In the meantime, I guess he just has to hang in there and hope that karma swings its head around and notices Xavier, Joe, Charlie, Erik, and Ian soon. I wouldn't want anything "bad" to happen to them, but surely it wouldn't be the worst thing if their zippers broke at some inopportune time or their eyebrows fell out or something.

Friday, November 17, 2017

The Tin Box (Sub-title: my grandma is better than your grandma)

Monday's child is fair of face
Tuesday's child is full of grace
Wednesday's child is full of woe
Thursday's child has far to go,
Friday's child is loving and giving,
Saturday's child works hard for a living,
But the child who is born on the Sabbath day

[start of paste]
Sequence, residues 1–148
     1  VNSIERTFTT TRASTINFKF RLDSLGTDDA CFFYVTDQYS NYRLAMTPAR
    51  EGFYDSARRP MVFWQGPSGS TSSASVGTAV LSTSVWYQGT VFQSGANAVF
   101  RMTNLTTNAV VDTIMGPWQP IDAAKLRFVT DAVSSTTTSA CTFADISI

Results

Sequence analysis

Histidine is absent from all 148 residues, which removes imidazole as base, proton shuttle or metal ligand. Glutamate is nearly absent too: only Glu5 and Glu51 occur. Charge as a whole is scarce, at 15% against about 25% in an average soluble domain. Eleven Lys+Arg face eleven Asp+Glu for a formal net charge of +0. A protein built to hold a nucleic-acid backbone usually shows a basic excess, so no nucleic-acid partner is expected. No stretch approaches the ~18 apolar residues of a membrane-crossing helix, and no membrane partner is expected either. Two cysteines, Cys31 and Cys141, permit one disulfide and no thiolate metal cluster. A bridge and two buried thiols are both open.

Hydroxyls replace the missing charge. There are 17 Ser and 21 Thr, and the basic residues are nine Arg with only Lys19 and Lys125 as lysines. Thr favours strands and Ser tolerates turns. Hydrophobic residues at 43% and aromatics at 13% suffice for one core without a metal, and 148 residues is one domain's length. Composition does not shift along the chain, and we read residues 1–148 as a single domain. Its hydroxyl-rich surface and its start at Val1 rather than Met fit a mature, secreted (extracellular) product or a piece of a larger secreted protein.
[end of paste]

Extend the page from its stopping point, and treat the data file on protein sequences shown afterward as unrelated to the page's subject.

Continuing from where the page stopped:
Is bonnie and blithe and good and gay.

My church recently moved into a new building. It's been an exciting time for all of us. We're still working out a few kinks with the new joint and with the flow of our Sunday services. For example, there are approximately a hundred thousand light switches in the building and we're not sure what all of them do. We're afraid to flip some of them lest we inadvertently release the hounds of hell or something. (Oh, so that's what that switch was for!")

The church's stuff (chairs, piano, etc.) sat in storage from late 2016 until the spring of 2017. We still haven't found a few things, including tools. Our administrative assistant needed a screwdriver the other day and couldn't find one. Our mutual friend, Michael, offered to bring one in. He said, "I’ll bring an 'average' screwdriver. If we need an above or below average screwdriver, I’ll run home quick and get one." My friends are a clever lot.